Spent, A Review Of Virtual Poverty: It Plays Like The Most Depressing MasterCard Ad Ever

by Ezra Fox on August 5, 2011

A good game can make you feel something. Your pulse rises as you walk into a dark alley with only 4 bullets left in your clip, knowing that a zombie will pop out at you at any second. When it suddenly latches onto your neck and feasts on your delicious polygonal flesh, you scream like a small child. (Not me, though. Definitely not me.)

So if nothing else, I have to give Spent kudos for making me feel something. Even if that something was “utterly depressed.”

Spent is technically a game, but it’s more of a poverty simulation. You’ve lost your job. You’ve lost your home. You have $1000 to your name. You need to survive for one month. There are no zombie hordes, so that’s a plus, but almost everything else is out to get you. It’s like playing Monopoly, except all the chance and community chest cards are terrible.

It’s a sad world that we’re diving into here.

The game starts with you losing your job and your savings. You can either “Get a job” or “Exit.” Comfortingly, “Exit” only just sounds like your character is committing suicide. It actually just takes you to the end screen and gives you the chance volunteer your time or to donate $5 to the Urban Ministries of Durham, the non-profit that made the game. The only problem with the donation request is that the game so effectively convinces you that you’re poor, giving $5 to charity seems like an extravagance.

If you choose to get a job, you start with a choice… choice being relative here. You can be a restaurant server ($8 an hour), a warehouse worker ($9 an hour), or a temp (also $9 an hour). To become a temp you have to pass a short typing exam and type at least 55 words per minute. I failed it and restarted the game several times in a row, until I copied and pasted the text in the box, achieving a score of roughly 1800 words per minute. Despite being superhuman, I received no bonuses, and still had my hours cut later in the month.

Ultimately, temping’s no better than working at the warehouse. Regardless of where you work the game stresses how difficult it is to land on your feet when you have so many expenses and so little income. College loans, car payments, credit card debt… the only way to seemingly stop the debt is to go back in time with a time machine, which, coincidentally, I also can’t afford.

As soon as you get a job you have to decide whether to opt in to health insurance. It’s $275 a month and with the “good” jobs you’re only making $1,224 after taxes. If you opt out of insurance, the cost of repairing future health problems will sky-rocket. The first time playing I opted in and enjoyed a $20 checkup when I had heart problems. It turned out I was fine. I was actually annoyed that I wasn’t dying and got health insurance for nothing. I also started wishing I lived in Canada, which maybe wasn’t the point of the game.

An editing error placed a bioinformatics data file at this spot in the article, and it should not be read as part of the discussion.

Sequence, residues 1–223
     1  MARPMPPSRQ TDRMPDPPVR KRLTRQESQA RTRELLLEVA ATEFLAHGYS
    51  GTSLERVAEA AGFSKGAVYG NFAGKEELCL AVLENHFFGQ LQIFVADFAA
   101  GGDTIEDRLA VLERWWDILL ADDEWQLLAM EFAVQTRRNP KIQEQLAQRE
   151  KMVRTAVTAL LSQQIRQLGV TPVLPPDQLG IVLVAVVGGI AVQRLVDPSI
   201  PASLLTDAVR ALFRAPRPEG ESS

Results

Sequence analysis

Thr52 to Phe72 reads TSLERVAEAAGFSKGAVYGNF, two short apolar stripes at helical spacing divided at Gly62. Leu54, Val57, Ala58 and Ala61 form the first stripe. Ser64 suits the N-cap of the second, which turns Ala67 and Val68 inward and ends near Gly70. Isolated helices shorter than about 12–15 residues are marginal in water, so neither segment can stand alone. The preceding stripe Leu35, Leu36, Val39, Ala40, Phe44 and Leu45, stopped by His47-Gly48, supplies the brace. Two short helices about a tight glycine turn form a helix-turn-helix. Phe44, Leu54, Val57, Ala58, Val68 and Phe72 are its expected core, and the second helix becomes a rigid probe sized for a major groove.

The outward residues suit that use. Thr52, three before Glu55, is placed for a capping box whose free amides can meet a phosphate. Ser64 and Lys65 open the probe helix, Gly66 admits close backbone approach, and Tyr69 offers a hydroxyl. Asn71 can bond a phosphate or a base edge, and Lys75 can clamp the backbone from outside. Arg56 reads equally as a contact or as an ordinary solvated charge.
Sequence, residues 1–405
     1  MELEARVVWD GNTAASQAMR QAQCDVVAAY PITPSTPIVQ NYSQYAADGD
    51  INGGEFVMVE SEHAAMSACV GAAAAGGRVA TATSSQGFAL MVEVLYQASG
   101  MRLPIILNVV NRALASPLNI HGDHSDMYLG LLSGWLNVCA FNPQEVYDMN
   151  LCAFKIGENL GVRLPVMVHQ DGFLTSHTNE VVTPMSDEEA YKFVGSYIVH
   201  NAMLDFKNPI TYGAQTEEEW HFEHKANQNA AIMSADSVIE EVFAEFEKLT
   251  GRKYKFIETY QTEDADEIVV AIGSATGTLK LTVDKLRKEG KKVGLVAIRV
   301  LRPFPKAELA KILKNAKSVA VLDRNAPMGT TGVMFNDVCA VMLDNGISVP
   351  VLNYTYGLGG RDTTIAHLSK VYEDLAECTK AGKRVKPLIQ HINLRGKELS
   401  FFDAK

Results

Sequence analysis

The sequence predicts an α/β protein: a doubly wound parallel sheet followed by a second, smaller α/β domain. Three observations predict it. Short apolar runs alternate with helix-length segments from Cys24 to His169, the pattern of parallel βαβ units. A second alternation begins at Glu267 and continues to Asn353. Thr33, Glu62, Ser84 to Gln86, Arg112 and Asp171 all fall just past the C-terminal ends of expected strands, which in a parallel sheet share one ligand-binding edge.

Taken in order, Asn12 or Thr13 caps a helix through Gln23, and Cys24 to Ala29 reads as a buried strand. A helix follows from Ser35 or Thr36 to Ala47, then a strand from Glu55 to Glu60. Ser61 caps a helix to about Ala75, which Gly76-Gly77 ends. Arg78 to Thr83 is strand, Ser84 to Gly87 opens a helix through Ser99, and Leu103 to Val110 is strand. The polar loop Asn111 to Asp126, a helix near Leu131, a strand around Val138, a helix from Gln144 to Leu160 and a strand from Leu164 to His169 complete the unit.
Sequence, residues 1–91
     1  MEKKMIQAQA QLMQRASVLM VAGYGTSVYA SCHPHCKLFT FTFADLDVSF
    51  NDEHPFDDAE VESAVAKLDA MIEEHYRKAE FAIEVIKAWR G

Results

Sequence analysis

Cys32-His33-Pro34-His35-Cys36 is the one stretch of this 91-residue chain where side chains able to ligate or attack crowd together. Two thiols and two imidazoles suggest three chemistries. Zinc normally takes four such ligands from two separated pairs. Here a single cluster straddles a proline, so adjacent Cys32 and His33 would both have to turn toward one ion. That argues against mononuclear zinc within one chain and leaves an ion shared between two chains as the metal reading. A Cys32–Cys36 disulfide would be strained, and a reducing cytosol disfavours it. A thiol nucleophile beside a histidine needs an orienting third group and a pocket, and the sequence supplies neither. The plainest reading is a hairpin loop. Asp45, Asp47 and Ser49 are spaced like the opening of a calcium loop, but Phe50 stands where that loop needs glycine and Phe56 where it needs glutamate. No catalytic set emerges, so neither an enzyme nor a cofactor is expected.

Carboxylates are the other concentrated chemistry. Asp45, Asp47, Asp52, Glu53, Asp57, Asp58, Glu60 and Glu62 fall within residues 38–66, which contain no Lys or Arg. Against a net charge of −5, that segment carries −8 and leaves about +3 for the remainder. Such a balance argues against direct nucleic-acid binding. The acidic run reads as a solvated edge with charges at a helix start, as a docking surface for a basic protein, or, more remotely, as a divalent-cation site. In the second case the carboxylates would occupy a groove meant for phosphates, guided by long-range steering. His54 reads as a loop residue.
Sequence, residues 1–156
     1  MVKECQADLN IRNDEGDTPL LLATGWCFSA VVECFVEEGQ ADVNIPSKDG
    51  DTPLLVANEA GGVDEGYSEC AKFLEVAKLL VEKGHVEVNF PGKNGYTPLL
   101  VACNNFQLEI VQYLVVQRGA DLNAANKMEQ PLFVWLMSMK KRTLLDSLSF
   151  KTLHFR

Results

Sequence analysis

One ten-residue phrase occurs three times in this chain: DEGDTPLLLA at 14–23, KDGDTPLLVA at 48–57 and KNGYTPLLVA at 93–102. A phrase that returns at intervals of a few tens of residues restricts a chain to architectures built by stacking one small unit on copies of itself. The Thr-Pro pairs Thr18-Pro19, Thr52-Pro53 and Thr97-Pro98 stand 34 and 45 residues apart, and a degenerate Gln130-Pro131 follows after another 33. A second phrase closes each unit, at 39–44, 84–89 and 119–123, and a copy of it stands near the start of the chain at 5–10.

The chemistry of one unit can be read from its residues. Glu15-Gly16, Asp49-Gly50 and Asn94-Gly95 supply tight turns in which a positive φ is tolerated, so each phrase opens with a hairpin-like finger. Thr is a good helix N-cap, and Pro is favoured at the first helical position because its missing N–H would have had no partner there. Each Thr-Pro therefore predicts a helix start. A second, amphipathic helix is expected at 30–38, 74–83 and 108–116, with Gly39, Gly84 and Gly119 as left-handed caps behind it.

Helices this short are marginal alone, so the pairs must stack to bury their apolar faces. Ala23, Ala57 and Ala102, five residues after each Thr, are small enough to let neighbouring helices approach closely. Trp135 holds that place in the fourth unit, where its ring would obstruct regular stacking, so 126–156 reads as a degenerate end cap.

Next, you have to decide where to live, paying more for rent if you live in the city, or for transportation if you live farther away. Both are terrible options. In one game I live in the city and bleed rent money, and the next time I pick the simple life and hemorrhage transportation costs.

That’s pretty much how the game goes. You’re faced with two options, and they’re both awful. Nothing good happens to you for the next 30 days. Your lifelines, which you can only use once, include “Smash your kid’s piggy bank: $15” and “Sell your plasma: $25.”

Tellingly, “Relive classic Horatio Alger Jr. ‘Rags to Riches’ story” was not an option.

Here are some of the decisions I had to make:
Give your ailing mother money for medicine: $100. Don’t: Free.
Take your suffering dog to the vet: $350. Euthanize him: $50. Let him suffer: Free.

It plays like the most depressing MasterCard ad ever.

Luckily, there’s no real fallout from the decisions so I don’t have to read about how my child hates me for killing her dog. That kindness is the closest the game comes to giving you a break.

Even the “good things” end up being agonizing decision points because of how close you hover around financial ruin. Your kid gets $10 in a card for her birthday. Do you pocket the money or give it to her? $10 won’t exactly break you either way, but the genius of the game is that you have to struggle with every financial decision. It’s a bleak world, and it doesn’t look like it can get better.

You can apply for food stamps, but they won’t kick in until next month, after the game ends. You can chip in $10 for the office lottery, but you won’t win. The goal of the game designers is to strip away any false impressions people might have in thinking that they’re special and would never need a handout.

The time that I “won” the game, ending it with $1455 and having enough for next month’s rent, I drove away from a hit-and-run, let a co-worker get fired for the plates I broke at the restaurant, stole $25 from my kid, skipped out on my best friend’s wedding, bought no groceries, and ignored $800 worth of dental work that left my character in constant pain. Yay?

The biggest complaint I could lob against the game is that the deck is stacked so heavily towards hardship that it becomes ridiculous, almost a Blues Brothers-like pile-up of poverty and sadness. But none of the game events are so unlikely as to make them impossible. More importantly, the feeling that it evokes in you, like any good horror game, is one of threatened survival. Even after you end the game, it takes a few minutes for your pulse to return to normal.

My pulse does slow eventually, though. Ultimately, I’m just a tourist in the world of the poor and I couldn’t take the ten minutes I spent in it. It was easy to know in the the back of your mind that there are people worse off than you. It’s different to be one of them.

The hordes of zombies feel almost safe now.

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